June 15, 2010

Pinvestigation: The Toy Story Trilogy—Part Two

Released on November 24, 1999, Toy Story 2, is the sequel to the popular 1995 hit movie, Toy Story. Toy Story 2 was not originally intended for release in theaters. Disney asked Pixar to make a direct-to-video sequel for the original Toy Story with a 60 minute running time. When Disney executives saw how impressive the in-work imagery for the sequel was, they decided to create a theatrical movie, and the plot was reworked to be more epic and cinematic in scope and the duration of the movie was extended to just over 90 minutes. Some animators got repetitive stress injuries rushing to complete the film, which taught the Pixar managers to arrange breaks between each project from then on.


Pixar and Disney had a five-film co-production deal and Pixar felt that with its change in status, Toy Story 2 should count as one of the pictures in the deal. Disney felt that since the production of Toy Story 2 was negotiated outside of the five-picture deal, it should not count. This issue became a particularly sore spot for Pixar, leading to a falling out between Pixar CEO Steve Jobs and Disney CEO Michael Eisner, concluding in Pixar's 2004 announcement that it would not extend its deal with Disney and would instead seek other distribution partners. However, with Eisner's departure and Pixar's ultimate purchase by Disney by 2006, as well as Jobs now holding a seat within Disney's board of directors, these problems have been overcome.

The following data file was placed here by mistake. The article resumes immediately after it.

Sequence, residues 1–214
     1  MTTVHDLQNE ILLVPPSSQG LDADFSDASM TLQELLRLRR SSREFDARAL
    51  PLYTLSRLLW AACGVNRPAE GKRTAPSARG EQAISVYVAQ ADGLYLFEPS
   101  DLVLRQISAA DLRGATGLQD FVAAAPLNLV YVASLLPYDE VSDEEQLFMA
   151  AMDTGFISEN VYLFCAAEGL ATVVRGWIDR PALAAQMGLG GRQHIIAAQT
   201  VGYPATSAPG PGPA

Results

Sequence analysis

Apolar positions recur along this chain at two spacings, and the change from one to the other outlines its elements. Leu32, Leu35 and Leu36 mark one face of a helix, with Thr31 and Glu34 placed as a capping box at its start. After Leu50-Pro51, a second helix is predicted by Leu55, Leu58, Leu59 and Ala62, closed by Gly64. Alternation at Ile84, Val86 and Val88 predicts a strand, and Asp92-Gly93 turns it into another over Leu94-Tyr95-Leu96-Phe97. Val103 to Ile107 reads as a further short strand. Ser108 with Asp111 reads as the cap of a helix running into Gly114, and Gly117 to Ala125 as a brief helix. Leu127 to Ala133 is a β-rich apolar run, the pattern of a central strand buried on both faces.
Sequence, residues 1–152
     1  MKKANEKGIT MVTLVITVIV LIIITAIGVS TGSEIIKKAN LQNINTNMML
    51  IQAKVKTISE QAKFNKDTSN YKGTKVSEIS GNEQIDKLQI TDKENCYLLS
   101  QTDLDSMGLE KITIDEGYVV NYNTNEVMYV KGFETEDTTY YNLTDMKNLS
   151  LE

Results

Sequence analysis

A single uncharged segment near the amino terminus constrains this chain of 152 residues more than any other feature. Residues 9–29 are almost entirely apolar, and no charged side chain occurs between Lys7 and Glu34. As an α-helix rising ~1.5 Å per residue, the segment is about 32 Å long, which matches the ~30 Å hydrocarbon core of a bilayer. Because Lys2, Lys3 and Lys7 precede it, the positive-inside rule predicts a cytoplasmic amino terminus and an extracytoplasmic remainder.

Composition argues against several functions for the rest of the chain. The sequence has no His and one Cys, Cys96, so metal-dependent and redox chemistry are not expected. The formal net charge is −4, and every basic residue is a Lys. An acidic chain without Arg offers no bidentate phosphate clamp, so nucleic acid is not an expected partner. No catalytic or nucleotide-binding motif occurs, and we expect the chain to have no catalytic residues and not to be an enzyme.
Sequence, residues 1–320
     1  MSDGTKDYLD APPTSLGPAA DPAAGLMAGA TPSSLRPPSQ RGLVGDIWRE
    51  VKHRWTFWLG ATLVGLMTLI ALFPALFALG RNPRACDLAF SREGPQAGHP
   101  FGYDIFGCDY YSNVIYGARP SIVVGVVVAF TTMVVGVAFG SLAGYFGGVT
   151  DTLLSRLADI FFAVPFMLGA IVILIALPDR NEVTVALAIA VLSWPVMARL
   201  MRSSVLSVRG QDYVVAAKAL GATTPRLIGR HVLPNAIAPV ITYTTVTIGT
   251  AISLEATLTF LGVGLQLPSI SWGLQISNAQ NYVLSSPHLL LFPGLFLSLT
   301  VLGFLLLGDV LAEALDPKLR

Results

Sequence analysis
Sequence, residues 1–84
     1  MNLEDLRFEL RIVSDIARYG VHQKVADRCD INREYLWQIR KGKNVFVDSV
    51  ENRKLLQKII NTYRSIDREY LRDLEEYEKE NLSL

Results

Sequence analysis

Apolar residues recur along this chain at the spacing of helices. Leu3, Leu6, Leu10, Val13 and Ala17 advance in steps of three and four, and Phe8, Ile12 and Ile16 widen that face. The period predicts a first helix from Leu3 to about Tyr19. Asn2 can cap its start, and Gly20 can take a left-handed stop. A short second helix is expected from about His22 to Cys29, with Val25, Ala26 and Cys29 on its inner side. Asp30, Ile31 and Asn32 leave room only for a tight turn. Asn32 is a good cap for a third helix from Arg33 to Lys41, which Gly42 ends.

In this film:

Woody prepares to go to summer camp with Andy for the weekend, but Andy accidentally rips his arm while playing with his toys before leaving, forcing him to be placed on a shelf and stay behind. There he discovers that Andy's mother is having a yard sale, to where she takes a fellow shelved toy, an old rubber penguin with a broken squeaker named Wheezy, to be sold. Woody sneaks down to the yard sale with the help of Andy's pet dog Buster and saves Wheezy, but is accidentally left outside and found by an enthusiastic toy collector, who ends up stealing him when Andy's mother refuses to sell him. Buzz chases after the collector's car as he drives away, but quickly loses him. Judging from the collector's appearance, as well as the car's license plate reading "LZTYBRN" and a giant white feather that fell from the trunk, Buzz and the other toys determine that the thief is Al McWhiggin, owner of Al's Toy Barn. Buzz recruits Slinky Dog, Mr. Potato Head, Rex and Hamm to go out and save Woody before Andy returns.